Album Review: Wild
Streets of Laredo
Dine Alone Records (2016)
The New Zealand folk group, based in Brooklyn’s Bushwick neighbourhood, have released their awe-inspiring and groove-packed second studio album, Wild.
Founded in 2012 by brothers David and Daniel Gibson, Streets of Laredo has been rising steadily in success after releasing their critically embraced album, Volume I & II.
Wild is an album that showcases a perfect balance between complex melodies and solid grooves.
This balance between the rhythm and melodic sections of the album are especially apparent on songs such as “Wild,” “Hammer And The Nail” and “Tunnel Visions.”
Although the arrangements of these songs are all fairly similar and rudimentary, Streets of Laredo create a more complex sound within these simple arrangements.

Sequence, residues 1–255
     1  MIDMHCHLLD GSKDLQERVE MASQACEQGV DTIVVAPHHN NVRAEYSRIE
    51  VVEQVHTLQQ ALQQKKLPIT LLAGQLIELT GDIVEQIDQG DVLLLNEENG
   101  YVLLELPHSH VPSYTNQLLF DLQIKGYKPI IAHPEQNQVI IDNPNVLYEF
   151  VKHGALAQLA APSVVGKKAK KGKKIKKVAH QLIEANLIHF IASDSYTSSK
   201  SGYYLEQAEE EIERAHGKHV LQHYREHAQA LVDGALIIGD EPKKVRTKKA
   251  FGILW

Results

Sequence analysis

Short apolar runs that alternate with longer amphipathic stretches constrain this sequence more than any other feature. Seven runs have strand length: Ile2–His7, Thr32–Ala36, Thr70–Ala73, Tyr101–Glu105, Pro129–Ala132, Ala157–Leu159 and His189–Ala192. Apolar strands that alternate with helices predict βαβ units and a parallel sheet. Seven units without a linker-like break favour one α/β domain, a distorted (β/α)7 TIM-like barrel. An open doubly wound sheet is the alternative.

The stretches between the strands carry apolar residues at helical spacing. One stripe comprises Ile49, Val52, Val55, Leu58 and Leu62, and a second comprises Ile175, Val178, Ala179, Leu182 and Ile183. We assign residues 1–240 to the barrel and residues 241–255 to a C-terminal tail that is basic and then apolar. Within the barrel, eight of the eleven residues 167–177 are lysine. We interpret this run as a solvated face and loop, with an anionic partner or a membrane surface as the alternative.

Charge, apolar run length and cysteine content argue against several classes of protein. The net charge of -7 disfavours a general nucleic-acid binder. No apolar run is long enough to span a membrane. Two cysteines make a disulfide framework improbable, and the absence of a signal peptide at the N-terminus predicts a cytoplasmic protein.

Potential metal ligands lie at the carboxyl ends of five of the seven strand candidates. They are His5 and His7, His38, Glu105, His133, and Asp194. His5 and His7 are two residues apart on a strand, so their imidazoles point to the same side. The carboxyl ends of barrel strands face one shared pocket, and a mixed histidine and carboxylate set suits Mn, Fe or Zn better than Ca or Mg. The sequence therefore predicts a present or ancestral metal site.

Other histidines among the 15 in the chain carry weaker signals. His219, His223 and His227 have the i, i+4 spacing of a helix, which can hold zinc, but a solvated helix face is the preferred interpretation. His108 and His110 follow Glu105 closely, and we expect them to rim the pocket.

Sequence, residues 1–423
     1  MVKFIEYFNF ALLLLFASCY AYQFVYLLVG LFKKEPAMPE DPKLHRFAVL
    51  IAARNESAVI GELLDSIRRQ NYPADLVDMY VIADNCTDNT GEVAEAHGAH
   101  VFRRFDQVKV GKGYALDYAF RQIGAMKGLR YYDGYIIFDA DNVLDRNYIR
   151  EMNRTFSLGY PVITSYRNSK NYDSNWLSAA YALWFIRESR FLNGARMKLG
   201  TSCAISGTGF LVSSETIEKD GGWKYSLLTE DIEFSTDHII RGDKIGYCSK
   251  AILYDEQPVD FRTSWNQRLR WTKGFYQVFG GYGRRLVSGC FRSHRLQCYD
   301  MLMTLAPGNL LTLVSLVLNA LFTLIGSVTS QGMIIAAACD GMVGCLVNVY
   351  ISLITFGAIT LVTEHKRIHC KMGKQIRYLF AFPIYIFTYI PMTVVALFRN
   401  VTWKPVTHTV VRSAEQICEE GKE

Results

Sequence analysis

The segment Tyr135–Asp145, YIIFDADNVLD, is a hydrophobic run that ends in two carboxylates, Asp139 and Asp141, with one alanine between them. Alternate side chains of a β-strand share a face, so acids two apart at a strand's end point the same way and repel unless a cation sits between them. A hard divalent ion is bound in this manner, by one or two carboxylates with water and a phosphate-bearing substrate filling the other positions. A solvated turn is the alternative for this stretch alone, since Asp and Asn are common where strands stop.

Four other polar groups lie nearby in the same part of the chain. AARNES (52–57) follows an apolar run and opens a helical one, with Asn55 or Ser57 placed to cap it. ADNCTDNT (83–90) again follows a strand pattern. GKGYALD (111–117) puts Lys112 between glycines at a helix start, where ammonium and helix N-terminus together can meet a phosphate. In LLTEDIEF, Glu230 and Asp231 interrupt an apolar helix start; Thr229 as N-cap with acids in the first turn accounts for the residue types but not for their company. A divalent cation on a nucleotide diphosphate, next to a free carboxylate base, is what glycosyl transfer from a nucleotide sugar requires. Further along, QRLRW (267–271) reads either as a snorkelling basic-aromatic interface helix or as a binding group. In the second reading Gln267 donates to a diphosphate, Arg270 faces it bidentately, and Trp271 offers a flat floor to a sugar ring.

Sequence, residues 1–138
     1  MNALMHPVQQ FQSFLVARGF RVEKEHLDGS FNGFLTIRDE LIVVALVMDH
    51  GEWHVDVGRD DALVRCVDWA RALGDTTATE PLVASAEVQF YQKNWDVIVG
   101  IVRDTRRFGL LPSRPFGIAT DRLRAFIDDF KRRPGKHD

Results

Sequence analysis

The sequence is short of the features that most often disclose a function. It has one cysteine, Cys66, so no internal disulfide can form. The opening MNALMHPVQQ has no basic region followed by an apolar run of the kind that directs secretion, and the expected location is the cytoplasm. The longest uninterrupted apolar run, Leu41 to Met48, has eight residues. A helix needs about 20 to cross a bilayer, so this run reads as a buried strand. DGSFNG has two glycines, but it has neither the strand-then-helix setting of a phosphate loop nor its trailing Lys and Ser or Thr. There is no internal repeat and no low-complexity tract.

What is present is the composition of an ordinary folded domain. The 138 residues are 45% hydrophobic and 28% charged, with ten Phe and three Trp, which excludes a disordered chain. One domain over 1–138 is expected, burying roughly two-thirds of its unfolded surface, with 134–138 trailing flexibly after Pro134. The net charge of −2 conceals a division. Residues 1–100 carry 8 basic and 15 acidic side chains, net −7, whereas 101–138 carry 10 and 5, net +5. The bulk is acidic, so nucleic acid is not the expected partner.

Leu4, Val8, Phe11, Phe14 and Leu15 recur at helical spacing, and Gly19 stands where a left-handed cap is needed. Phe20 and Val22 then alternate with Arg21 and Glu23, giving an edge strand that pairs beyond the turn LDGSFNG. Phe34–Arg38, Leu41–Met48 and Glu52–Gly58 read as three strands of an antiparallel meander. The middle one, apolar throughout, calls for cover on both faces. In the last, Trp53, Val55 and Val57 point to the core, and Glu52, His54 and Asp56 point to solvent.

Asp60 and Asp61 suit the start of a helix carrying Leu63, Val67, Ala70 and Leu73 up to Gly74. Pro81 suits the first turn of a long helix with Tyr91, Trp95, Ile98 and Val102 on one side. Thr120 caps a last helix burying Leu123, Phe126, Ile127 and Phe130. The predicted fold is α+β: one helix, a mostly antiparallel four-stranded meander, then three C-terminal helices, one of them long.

The songs that captivate and envelope the listener the most feature upbeat melodies of saxophones, seemingly out-of-place banjos, reverb-drenched guitar licks and sludgy, distorted bass lines.
With that being said, songs on Wild fall victim to a common trope of modern day folk music: the overuse of “oooh” and “la la la.”
Although these common ad-libs are present on a good portion of Wild, they may not be that irritating for those who dislike this type of stereotypical improvisation.
This album has a lot more going for it than what a few “ooohs” can bring down in terms of quality.
Wild also makes use of two different vocalists: the Stevie Nicks and Kim Gordon-esque Sarahjane Gibson, and the very much monotonous voice of Daniel Gibson.
The first five tracks of the album, which feature Sarahjane, are much more interesting and lively, and are sung with much more conviction than the last six songs, which mostly feature Daniel and sparingly include Sarahjane.
Wild has very minor setbacks that only the highly critical would most likely care about, and is ultimately an exciting album that is well worth giving the time of day to by anybody even remotely fond of the sounds of Arcade Fire and Of Monsters And Men.